With the Internet System for Tracking Over Prescribing (I-STOP) program, New York hopes to grapple with the problem of addicts and doctor shoppers and reduce the flow of illicit prescription drug use.
In October of this year, Long Island doctor Leonard Stambler was convicted by a federal jury on conspiracy and distribution charges related to providing oxycodone to his patients. Information revealed during the action included:
After a trial lasting three weeks, it took the jury approximately four hours to find Dr. Stambler guilty. The federal prosecutor described Dr. Stambler as a “lonely guy” who prescribed drugs to make friends — and profited financially from the deals.
Dr. Stambler wrote prescriptions for hundreds of pills and assisted in the procurement and sale of pills.
Two patients testified to the involvement of Dr. Stambler in helping them obtain and sell oxycodone.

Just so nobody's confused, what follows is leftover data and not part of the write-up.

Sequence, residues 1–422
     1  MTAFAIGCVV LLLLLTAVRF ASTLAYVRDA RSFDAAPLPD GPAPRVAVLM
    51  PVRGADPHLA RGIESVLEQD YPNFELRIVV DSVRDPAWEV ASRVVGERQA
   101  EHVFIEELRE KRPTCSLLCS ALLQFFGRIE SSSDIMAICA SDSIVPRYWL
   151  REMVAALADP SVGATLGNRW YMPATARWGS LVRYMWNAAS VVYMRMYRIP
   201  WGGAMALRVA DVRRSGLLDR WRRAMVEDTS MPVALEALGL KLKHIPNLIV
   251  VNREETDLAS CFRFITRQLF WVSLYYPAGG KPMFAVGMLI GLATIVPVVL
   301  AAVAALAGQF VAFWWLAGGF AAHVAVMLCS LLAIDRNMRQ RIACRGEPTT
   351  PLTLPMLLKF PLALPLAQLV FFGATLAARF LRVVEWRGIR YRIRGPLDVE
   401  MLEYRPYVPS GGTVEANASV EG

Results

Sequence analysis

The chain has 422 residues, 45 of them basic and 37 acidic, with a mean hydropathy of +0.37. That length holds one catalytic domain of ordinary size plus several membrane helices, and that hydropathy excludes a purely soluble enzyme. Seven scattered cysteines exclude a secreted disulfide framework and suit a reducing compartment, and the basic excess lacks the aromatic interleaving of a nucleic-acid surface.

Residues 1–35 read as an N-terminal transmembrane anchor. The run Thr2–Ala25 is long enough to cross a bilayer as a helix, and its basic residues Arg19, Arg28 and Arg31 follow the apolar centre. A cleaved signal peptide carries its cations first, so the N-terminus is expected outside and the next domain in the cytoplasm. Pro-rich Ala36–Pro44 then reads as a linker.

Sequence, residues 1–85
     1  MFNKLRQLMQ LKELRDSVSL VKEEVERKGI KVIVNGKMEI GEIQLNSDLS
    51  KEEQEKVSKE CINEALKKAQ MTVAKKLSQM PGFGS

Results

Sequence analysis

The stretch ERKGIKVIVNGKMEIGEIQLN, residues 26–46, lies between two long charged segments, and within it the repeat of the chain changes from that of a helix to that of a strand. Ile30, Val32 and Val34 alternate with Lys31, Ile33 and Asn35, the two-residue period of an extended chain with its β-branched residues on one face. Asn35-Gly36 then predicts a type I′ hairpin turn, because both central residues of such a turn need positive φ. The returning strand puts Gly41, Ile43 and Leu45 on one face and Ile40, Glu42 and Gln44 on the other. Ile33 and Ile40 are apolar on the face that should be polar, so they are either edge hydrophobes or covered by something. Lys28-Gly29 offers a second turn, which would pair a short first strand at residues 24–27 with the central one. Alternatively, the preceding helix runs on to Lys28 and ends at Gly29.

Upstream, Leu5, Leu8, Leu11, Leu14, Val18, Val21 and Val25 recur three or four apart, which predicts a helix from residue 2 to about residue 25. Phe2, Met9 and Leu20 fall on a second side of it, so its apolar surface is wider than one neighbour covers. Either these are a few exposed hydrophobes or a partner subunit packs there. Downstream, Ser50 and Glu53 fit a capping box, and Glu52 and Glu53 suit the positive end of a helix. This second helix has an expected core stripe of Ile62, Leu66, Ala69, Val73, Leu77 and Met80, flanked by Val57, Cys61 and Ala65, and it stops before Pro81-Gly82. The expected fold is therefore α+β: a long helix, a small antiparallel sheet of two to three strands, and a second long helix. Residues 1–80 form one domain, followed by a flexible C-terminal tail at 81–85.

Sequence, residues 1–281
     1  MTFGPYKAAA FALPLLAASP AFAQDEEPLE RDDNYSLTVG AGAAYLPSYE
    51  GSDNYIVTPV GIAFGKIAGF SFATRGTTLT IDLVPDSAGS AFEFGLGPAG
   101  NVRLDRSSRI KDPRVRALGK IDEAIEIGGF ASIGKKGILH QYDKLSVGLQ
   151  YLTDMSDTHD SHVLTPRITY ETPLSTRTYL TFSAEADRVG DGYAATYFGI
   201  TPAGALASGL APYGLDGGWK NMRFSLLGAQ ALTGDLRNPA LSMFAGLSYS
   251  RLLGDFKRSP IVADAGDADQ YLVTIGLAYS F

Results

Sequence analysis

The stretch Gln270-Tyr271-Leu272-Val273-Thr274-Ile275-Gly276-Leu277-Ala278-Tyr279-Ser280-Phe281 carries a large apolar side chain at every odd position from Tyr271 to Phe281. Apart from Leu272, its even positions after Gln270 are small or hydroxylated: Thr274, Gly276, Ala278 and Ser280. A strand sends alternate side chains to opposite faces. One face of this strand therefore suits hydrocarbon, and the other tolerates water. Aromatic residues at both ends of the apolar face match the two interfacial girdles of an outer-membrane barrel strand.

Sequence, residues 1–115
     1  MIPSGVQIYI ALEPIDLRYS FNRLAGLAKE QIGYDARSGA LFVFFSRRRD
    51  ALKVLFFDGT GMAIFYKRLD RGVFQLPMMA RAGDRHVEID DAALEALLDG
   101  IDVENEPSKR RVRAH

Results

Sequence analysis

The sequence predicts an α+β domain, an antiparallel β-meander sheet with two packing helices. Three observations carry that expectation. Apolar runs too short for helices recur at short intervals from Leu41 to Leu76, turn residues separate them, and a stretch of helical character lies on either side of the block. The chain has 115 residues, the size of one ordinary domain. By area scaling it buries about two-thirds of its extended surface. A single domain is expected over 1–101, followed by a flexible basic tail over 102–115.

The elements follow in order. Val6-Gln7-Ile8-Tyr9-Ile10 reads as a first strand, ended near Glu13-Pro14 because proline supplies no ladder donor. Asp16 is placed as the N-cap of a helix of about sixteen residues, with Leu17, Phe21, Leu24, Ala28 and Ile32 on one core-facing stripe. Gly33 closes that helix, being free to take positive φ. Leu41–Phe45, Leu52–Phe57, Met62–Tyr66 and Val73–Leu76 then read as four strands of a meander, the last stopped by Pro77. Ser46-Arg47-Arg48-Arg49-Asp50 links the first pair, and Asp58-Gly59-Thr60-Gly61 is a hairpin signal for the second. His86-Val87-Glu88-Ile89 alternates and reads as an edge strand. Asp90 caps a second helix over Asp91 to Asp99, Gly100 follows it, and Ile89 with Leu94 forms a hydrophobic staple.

Dr. Stambler, now 62, faces a potential prison sentence of 20 years and saw his bail revoked pending sentencing.
In August, New York launched I-STOP. Recognizing the growing problem of prescription drug abuse, New York aims to give health care providers access to prescription drug histories and make transparent the actions and transactions of doctor shoppers.
In full effect, all practitioners are required to use I-STOP before prescribing or dispensing a controlled substance.